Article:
In The News
Legislation that will fast track federal funding for critical highway infrastructure projects in West Virginia and Virginia, including the King Coal Highway and the Coalfields Expressway, has been signed into law by President Barack Obama.
RONCEVERTE — About 500 babies are delivered at Greenbrier Valley Medical Center (GVMC) each year. Three years ago, 19 percent of babies born suffered from Neonatal Abstinence Syndrome or NAS.
That’s about 100 babies each year who suffer the effects of withdrawal from being exposed to drugs in the womb, officials said Friday.
The Protecting Our Infants Act, a necessary measure that will improve care for babies who are exposed to drugs during pregnancy, has been signed into law by President Barack Obama.
WASHINGTON - A bill championed by U.S. Rep. Evan Jenkins, R-W.Va., that will improve care for neonatal abstinence syndrome babies has been signed into law.
The Protecting Our Infants Act will build on best practices from doctors and nurses in West Virginia and across the country in treating babies with NAS, exposure to drugs while in the womb.
For the first time in seven years, lawmakers in Washington appear poised to adopt a long-term highway funding bill. The U.S. Surface Transportation Reauthorization and Reform Act of 2015 was passed by the U.S. House of Representatives last week with support from both Democrats and Republicans alike.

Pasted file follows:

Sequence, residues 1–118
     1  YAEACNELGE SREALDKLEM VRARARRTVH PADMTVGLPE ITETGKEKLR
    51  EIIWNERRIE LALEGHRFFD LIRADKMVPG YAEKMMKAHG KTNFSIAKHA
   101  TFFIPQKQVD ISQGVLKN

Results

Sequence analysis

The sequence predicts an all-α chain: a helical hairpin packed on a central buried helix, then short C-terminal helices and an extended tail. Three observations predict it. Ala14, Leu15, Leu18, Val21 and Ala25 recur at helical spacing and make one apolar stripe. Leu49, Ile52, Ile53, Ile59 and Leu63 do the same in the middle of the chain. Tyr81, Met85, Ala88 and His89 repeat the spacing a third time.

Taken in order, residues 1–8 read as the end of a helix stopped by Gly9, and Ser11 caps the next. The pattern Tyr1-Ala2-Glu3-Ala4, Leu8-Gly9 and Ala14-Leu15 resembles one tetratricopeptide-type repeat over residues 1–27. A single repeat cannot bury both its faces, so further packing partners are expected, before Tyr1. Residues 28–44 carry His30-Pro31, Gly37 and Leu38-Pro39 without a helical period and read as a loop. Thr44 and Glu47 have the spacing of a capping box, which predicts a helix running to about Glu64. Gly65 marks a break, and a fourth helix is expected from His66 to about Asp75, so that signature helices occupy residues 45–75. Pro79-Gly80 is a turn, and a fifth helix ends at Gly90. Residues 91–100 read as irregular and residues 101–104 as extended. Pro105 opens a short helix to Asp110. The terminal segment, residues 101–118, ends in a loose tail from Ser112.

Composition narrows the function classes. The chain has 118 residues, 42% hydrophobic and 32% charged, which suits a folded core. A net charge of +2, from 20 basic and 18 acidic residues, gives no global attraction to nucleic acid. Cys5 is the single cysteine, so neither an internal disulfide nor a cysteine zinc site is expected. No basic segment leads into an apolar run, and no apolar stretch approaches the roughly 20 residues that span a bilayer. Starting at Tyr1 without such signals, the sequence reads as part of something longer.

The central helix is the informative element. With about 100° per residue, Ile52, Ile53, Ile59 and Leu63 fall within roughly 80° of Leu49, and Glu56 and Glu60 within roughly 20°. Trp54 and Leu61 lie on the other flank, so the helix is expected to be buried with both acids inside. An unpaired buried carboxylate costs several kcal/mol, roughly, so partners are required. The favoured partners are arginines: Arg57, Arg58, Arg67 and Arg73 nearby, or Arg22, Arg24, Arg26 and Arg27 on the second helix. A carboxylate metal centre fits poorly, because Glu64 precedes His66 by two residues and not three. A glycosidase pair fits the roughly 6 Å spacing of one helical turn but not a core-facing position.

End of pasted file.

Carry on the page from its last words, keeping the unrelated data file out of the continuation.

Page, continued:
BLUEFIELD — U.S. Rep. Evan Jenkins, R-W.Va., had a pretty busy couple of days in southern West Virginia last week. On Veterans Day, he participated in the community’s 96th annual Veterans Day Parade, and presented the venerable Henry Paul, a flag that had flown over the U.S. Capitol.
HUNTINGTON - U.S. Rep. Evan Jenkins, R-W.Va., announced that state transportation infrastructure projects are in the driver's seat to receive more than $450 million annually after Congress passed a long-term transportation bill.
Jenkins made the announcement Thursday morning at the West Virginia Division of Highways office in Huntington.
BLUEFIELD — It was a “great afternoon” in Bluefield Thursday as federal, state and local leaders joined together to celebrate passage of the federal six-year transportation plan in the House of Representatives.
The statistics are alarming and merit prompt attention. According to health officials, 7 percent of all babies born in the Mountain State are suffering from neonatal abstinence syndrome as a result of withdrawal from the drugs their mothers consumed during pregnancy.
As the number of people addicted to heroin and other opioids grows, so, too, do other statistics.